Excercising for Brain Health
Aerobic exercise has the potential to improve your cognitive abilities in a significant way, but resistance training also offers benefits in such areas as executive function, long-term and short-term memory according to recent research.
Seniors who combine aerobics and resistance forms of exercise have the potential of a significant boost in brain power, according to a recent review.
Completed by University of Canberra researchers, this Australian study offers the most comprehensive review of results and combined information from 39 studies published prior to the end of 2016 and could help to prevent the loss of brain power that often accompanies aging.
The study team considered the effects of several types of exercise, at differing levels of intensities and the time spent in the activity to see how it affects brain health in aging populations through the 50s, and included both resistance training, like lifting weights versus other forms that combine resistance and aerobic exercise, including yoga and tai chi.
It assessed the effects of both types of exercise on cognitive abilities including attention, overall brain capacity, mental processing that helps to achieve goals (functional memory), overall memory and working memory, which process short-term information.
According to the results, aerobic activities help to improve one’s cognitive ability, but resistance training improves short-term memory, overall memory and the mental processing necessary to achieve one’s goals. This would indicate that both types of exercise are beneficial to brain health.
Exercise sessions that last 45 to 60 with moderate to vigorous intensity provide a positive result in regard to cognitive function, regardless of the frequency.
Additionally, these positive results are achievable regardless of the current brain health of the participant.
The study also notes that tai chi offers improvement in the cognitive abilities, as shown in other previous studies. However, the team also notes their analysis is based on a limited number of studies and calls for a larger study to confirm the findings; however, tai chi is a less intense form of exercise that could provide benefits for seniors who are no longer able to participate in more difficult types of exercise.
The team believes there is enough evidence in their review for physicians to prescribe both types of exercises as a way of improving brain health in seniors over 60.
Mediterranean Diets Effect on Brain Health
The Mediterranean diet, which recommends large amounts of vegetables, fruits, beans, cereal grains and olive oil, also has the potential to impact brain health, according to a second study.
This study of seniors who follow the Mediterranean diet shows they retained greater brain volume during the three-year study than participants who did not follow the diet. Contrary to another study, this one found that the amount of fish versus meat one consumes is not related to brain changes.
Along with the large amounts of large amounts of vegetables, fruits, beans, cereal grains including wheat and rice, and olive oil, the Mediterranean diet also recommends consuming moderate amounts of dairy, fish, and wine, but limits the amount of poultry and red meat. It seems to reduce the shrinking of the brain that results in the loss of brain cells and affects learning and memory.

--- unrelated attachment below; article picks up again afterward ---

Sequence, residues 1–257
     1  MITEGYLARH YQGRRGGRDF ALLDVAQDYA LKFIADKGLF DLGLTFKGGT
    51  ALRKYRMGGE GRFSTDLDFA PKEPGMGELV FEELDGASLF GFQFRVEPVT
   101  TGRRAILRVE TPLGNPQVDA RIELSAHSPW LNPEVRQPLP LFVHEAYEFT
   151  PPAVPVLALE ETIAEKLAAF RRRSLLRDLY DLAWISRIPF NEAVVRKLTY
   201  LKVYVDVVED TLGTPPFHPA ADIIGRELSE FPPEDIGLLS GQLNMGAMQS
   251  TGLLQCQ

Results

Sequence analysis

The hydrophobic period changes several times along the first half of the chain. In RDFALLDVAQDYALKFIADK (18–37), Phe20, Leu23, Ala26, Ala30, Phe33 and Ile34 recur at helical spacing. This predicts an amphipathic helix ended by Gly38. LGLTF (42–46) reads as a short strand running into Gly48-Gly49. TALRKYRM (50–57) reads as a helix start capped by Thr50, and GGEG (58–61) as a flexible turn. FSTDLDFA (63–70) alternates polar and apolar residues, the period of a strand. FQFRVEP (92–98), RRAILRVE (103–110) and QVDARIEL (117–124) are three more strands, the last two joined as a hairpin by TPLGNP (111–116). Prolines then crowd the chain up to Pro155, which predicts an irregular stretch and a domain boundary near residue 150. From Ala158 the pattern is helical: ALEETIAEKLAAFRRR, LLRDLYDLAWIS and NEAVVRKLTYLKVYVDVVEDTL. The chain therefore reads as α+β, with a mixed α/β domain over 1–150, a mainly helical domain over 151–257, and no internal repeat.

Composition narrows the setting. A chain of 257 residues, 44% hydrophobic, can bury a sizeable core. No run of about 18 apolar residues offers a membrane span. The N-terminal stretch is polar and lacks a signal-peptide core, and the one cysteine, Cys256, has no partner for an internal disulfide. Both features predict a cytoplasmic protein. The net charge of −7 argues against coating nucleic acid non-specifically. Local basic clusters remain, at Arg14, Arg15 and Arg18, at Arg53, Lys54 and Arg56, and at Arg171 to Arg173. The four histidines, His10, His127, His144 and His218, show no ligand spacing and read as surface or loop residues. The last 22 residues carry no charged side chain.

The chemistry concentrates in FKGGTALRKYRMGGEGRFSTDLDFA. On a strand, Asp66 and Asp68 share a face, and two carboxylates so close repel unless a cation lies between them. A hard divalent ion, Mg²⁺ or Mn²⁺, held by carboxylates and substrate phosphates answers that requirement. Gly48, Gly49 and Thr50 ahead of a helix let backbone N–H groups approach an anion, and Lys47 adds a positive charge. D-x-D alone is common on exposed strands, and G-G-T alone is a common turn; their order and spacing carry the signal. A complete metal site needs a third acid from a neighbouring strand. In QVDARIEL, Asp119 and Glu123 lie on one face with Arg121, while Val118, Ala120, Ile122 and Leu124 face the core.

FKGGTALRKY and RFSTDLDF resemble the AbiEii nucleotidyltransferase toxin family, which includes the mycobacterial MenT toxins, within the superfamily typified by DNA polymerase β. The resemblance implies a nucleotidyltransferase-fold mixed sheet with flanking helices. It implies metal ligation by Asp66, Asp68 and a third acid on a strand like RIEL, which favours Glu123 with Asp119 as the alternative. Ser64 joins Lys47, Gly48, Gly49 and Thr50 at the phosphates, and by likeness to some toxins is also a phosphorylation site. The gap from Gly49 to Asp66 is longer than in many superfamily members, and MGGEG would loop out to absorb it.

The Brain and Fruit
Early humans depended on what is the simplest of snacks to develop their larger and more powerful brains, according to researchers. That simple snack was fruit.
Fruit along with the leaves of plants, which is a basic form of foodstuffs, provided these beings with enough energy to bulk up their brains, argue the scientists.
Alex Decasien, the corresponding author in the study reports this as how humans got their crazy huge brains, in comparison to other creatures. However, he reports modern humans eat a much lower quality diet.
This study, from Nature Ecology & Evolution, considers the staple food of more than 140 species of primates and is based on the assumption that recent evolution has not changed their diets remarkably.
According to this research, primates with a diet higher in fruits than diets have brains that are approximately 25% larger than animals that eat diets higher in leaves.
Humans likely developed these larger and more powerful brains, with the help of fruit, one of the simplest snacks available today.
The results of this study provide cause to question a theory that rose to the top in the 1990s and has remained there ever since. That theory states primates developed larger brains in order to survive and have offspring as social groups became more complex.
While the study recognizes that living in social groups present challenges that also help the primate to bet smarter, it finds no link between the size of the primate’s grey matter and the complexity of his society.
Instead, it finds a strong correlation between the primate’s brain size and its consumption of fruit. Fruit is higher in calories than leaves, and in the evolutionary process, this additional fuel is a necessity for the species to evolve and increase its brain size.
Other factors concerning fruit that influence brain size include the necessity to remember the plants that produce fruit, where they are more likely to grow and how to break open the fruit to consume its contents. These processes require the larger brain, which also needs additional fuel in order to operate efficiently.
According to the study’s author, the human brain accounts for approximately 2% of his body weight but requires 25% of the energy consumed in food. This makes the brain an organ that is crazy expensive.
Although this study disagrees with the more orthodox thoughts regarding the evolution of the human brain, it is likely to present further topics for scientific study.
The findings of this study are published in the British Journal of Sports Medicine and available online.